A wall being constructed of cob building material.



  • A corncob.
  • The seed-bearing head of a plant.
  • Short form of cobnut
  • A male swan.
  • A gull, especially the black-backed gull (Larus marinus); also spelled cobb.
  • A lump or piece of anything, usually of a somewhat large size, as of coal, or stone.
  • A round, often crusty roll or loaf of bread.
  • A building material consisting of clay, sand, straw, water, and earth, similar to adobe; also called cobb, rammed earth or pisé.
  • A horse having a stout body and short legs.
  • Any of the gold and silver coins that were minted in the Spanish Empire and valued in reales or escudos, such as the piece of eight—especially those which were crudely struck and irregularly shaped.
  • A Spanish coin formerly current in Ireland, worth about four shillings and sixpence.
  • One who is eminent, great, large, or rich.
  • A spider (cf. cobweb).
  • A small fish, the miller's thumb.
  • A large fish, especially the kabeljou (variant spelling of kob).
  • The head of a herring.
  • A tower or small castle on top of a hill.
  • A thresher.
  • A cylinder with pins in it, encoding music to be played back mechanically by a barrel organ.
  • A person of mixed black and white ancestry, especially a griffe; a mulatto.
  • A punishment consisting of blows inflicted on the buttocks with a strap or a flat piece of wood.
  • Abbreviation of cobble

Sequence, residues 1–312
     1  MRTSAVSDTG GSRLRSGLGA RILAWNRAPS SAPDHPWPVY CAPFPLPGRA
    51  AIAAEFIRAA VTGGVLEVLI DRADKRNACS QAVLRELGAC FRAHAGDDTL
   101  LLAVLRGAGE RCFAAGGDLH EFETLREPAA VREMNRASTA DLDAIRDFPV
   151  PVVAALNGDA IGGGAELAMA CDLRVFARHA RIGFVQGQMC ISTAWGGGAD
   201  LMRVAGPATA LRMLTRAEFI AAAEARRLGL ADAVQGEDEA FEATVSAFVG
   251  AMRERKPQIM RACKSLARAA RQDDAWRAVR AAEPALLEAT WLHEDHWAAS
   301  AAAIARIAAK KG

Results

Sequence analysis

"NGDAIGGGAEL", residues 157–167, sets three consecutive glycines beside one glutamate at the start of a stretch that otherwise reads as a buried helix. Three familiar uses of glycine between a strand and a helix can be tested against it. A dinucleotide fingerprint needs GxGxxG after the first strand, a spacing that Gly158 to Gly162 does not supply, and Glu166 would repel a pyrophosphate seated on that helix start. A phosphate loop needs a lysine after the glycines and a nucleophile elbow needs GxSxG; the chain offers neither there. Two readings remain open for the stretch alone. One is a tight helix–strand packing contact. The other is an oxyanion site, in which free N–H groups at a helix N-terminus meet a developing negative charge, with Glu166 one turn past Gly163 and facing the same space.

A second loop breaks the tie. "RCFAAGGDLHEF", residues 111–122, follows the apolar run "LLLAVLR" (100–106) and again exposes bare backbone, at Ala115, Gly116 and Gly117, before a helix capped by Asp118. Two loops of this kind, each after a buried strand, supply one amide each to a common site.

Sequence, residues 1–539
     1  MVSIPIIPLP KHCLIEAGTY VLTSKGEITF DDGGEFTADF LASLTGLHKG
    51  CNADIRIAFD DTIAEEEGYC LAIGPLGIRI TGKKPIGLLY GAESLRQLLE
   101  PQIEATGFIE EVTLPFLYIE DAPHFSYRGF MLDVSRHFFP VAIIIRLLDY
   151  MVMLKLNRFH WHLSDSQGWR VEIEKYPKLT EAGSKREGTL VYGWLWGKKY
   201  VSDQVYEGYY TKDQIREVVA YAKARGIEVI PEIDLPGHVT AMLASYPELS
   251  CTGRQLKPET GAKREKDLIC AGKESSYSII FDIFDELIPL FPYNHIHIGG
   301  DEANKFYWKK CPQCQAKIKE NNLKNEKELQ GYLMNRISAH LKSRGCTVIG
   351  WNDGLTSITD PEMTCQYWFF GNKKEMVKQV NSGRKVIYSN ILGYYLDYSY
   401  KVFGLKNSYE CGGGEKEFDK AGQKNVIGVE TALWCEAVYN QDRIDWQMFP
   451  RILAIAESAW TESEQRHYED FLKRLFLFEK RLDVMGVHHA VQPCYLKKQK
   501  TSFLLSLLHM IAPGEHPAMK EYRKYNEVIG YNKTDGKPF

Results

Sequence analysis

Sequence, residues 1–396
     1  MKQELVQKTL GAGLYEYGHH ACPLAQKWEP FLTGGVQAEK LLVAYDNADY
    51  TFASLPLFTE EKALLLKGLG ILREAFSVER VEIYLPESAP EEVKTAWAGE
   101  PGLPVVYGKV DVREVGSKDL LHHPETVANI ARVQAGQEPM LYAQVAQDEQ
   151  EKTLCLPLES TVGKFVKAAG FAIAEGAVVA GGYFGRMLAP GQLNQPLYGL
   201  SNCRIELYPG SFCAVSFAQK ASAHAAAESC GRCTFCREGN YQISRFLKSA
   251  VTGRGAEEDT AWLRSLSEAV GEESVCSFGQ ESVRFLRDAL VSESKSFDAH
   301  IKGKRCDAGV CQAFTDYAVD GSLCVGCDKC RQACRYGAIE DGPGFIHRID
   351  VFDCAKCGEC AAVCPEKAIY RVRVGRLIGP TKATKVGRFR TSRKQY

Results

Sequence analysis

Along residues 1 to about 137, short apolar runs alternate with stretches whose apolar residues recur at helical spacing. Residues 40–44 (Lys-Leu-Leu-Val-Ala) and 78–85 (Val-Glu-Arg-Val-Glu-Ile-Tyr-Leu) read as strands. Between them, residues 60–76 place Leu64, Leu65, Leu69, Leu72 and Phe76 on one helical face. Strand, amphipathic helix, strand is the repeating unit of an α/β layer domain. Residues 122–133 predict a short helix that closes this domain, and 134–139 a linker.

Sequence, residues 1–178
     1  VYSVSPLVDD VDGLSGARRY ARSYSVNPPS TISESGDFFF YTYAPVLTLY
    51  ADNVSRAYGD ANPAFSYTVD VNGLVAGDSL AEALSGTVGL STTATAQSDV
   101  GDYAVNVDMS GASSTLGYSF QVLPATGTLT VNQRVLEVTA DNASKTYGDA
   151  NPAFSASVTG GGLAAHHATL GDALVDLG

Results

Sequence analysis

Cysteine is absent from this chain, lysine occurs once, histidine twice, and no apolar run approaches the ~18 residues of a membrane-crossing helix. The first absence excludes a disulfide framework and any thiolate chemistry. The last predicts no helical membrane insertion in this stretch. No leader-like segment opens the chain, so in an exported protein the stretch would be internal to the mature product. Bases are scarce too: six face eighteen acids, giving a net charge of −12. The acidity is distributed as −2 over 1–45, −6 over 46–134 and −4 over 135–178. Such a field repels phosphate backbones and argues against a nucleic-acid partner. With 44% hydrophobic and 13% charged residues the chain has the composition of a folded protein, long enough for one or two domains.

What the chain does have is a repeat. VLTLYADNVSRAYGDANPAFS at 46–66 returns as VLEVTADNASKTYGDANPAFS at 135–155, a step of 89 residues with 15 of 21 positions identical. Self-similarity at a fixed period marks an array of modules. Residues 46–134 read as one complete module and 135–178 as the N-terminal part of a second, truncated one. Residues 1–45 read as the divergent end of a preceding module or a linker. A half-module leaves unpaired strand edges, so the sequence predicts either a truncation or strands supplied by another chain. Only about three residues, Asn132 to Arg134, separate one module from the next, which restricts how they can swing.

• Alternative of COB



  • Of uncertain origin. The word has many disparate senses, which are likely of diverse origin. The specifics of these origins have long been debated, as has the question of which senses arise from which origins. At least the swan sense originated in Middle English cobbe. Some other senses likely originated as a variant of cop. However, many alternative etymologies have been proposed to account for some or all senses of cob; various sources have related it, for example, to English cot ("cottage"), Welsh cob ("top, tuft"), or German Kübel ("large container"). All these etymologies are disputed, and the exact origins of cob cannot be known with any certainty.
  • Uncertain. Possibly onomatopoeic, but it has also been suggested that the word could be a continuation of Middle English cobbe ("fight"), a borrowing of Welsh cob ("blow"), or a cognate of Icelandic kubba ("chop").

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